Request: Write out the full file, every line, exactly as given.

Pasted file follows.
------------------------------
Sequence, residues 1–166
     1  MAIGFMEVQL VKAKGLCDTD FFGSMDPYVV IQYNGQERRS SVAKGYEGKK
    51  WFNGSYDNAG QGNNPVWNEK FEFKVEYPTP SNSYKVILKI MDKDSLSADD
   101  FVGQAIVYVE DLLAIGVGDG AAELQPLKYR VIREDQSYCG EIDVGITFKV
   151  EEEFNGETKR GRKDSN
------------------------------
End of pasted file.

Sequence, residues 1–166
     1  MAIGFMEVQL VKAKGLCDTD FFGSMDPYVV IQYNGQERRS SVAKGYEGKK
    51  WFNGSYDNAG QGNNPVWNEK FEFKVEYPTP SNSYKVILKI MDKDSLSADD
   101  FVGQAIVYVE DLLAIGVGDG AAELQPLKYR VIREDQSYCG EIDVGITFKV
   151  EEEFNGETKR GRKDSN